Emmanuel Macron tells Boris Johnson to respect the rules as pair meet amid France fishing row – Sky News

President Emmanuel Macron has told Boris Johnson to “respect the rules”, according to a French official, as the pair met following a row over fishing.

During the meeting in Rome, on the sidelines of the G20 summit, the French president said he has also triggered some measures aimed at easing tensions, according to French news outlet BFM.

“The goal for both the president and the prime minister was to work towards de-escalation,” a French presidential official told reporters after a private, one-on-one meeting.

It comes amid fears the UK and France only have two days to come to an agreement over fishing rights before the French impose restrictions at some of their ports.

French officials have threatened to ban UK fishing boats from some ports and tighten customs checks on lorries entering the country with British goods from Tuesday unless more licences are granted for small boats to fish in British waters.

There have been tensions over post-Brexit fishing rights for months but they hit the headlines again on Thursday when France seized a British scallop trawler, accusing the operators of fishing without a licence.

Boris Johnson speaks to Emmanuel Macron at the G20 summit in Rome
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Boris Johnson and Emmanuel Macron appeared at ease at the G20 summit but behind the smiles, there is tension

The trawler’s owner said at the time that it was “another pawn in the ongoing dispute between the UK and France on the implementation of the Brexit fishing agreement”.

Relations worsened when French President Emmanuel Macron told the Financial Times on Friday that the UK was risking its “credibility” after going back on commitments made to the EU with regards to fishing.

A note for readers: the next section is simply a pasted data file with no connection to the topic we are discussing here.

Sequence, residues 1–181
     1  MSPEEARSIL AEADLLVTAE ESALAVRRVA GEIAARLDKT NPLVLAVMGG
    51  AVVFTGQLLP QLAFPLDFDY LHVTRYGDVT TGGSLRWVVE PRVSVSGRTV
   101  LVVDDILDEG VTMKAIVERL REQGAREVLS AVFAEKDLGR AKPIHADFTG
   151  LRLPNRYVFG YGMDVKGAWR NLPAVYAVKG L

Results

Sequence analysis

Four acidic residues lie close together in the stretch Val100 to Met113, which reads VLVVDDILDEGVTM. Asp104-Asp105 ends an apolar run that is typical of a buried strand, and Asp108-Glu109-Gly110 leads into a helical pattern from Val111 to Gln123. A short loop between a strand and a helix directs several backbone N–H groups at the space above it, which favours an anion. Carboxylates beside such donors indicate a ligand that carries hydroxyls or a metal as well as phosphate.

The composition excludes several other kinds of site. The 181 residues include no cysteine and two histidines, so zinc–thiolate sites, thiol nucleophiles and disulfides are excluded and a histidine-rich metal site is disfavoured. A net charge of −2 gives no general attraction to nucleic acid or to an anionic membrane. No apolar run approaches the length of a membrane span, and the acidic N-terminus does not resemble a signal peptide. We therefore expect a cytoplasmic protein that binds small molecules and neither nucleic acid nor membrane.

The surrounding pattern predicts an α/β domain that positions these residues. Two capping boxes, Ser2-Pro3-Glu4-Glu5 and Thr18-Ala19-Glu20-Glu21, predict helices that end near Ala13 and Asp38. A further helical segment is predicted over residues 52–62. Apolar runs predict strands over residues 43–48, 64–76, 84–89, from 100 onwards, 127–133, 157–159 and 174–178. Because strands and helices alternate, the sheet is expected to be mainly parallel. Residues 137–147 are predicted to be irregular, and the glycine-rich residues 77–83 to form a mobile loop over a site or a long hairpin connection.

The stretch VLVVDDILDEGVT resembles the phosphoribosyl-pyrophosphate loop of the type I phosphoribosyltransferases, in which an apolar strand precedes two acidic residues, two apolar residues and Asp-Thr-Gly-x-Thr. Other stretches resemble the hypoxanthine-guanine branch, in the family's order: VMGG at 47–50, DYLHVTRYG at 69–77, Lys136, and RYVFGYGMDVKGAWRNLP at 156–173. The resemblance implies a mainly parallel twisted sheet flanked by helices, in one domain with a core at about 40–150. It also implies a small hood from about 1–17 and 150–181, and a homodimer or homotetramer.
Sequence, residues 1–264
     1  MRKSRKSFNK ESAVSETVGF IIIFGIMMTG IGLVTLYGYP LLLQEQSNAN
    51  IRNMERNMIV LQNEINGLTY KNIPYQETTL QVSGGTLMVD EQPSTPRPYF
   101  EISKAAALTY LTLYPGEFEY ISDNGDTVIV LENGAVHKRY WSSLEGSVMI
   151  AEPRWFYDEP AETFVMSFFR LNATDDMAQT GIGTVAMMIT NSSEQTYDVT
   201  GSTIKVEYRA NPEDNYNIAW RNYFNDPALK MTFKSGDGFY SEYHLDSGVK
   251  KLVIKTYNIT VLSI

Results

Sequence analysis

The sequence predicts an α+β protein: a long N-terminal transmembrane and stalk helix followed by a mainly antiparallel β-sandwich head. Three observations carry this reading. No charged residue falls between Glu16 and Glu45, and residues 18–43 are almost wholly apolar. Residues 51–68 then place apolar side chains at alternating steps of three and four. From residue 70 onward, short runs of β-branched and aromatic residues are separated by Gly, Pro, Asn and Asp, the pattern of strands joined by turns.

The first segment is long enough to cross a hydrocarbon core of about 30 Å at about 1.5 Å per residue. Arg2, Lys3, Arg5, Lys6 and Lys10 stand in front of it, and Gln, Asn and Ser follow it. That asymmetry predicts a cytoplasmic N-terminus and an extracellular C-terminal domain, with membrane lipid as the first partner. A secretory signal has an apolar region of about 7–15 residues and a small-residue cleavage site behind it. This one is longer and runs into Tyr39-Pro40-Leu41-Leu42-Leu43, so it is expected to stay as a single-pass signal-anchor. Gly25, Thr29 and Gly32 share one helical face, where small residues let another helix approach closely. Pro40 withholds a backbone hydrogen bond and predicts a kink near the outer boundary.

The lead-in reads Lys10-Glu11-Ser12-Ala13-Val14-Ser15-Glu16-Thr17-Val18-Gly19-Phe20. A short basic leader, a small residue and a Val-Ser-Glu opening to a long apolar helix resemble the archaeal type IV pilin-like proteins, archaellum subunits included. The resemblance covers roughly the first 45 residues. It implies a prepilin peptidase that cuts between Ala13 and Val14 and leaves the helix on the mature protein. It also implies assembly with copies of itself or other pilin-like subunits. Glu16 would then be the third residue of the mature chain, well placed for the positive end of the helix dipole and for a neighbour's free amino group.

A letter seen by Sky News showed French Prime Minister Jean Castex telling European Commission President Ursula von der Leyen that the bloc should prove there is “more damage to leaving the EU than to remaining there”.

Brexit minister Lord Frost said the comments were “very troubling and very problematic”, especially with “highly sensitive” negotiations underway with Brussels in an attempt to find a solution to the Northern Ireland Protocol.

He said the bloc would be in breach of the post-Brexit free trade deal terms if France carried out its threats on 2 November – threats which have also included restricting energy supplies to the UK and Jersey.

Clement Beaune leaves the Elysee palace in Paris, France, August 29, 2017.
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Clement Beaune defended his country’s actions on Sunday

In a series of tweets on Saturday, the Conservative peer said the UK was “actively considering” legal proceedings to solve the dispute.

But on Sunday morning, France’s secretary of state for European Affairs, Clement Beaune, defended the actions of his government.

Writing on Twitter, Mr Beaune said: “Following the Brexit deal (TCA), access was due to be granted within days to EU boats. We have now been negotiating patiently and constructively for 10 months, replying to a series of detailed and additional requests from British authorities, boat by boat.

“What is the current situation? We do not lack just a few licences, but more than 40% of French detailed requests. For the EU as a whole, around 90% of the expected licences have been granted, but all the missing ones are French.

“This is why France asks for action at the EU level, within the framework of the TCA, and stands ready to implement proportionate and reversible measures from 2 November, as we have announced repeatedly since last April. These measures are fully in line with the TCA.

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PM ‘worried’ that fishing treaty might have been breached

“It’s positive to read that the UK cares about the TCA; France and the EU expect its full respect and implementation, regarding fishing rights, the Northern Ireland Protocol and all other – agreed and ratified – matters.”

A Downing Street spokeswoman said: “The prime minister raised his concerns about the rhetoric from the French government in recent days over the issue of fishing licences.

“The prime minister stressed that the French threats are completely unjustified and do not appear to be compatible with the UK-EU Trade and Co-operation Agreement or wider international law.”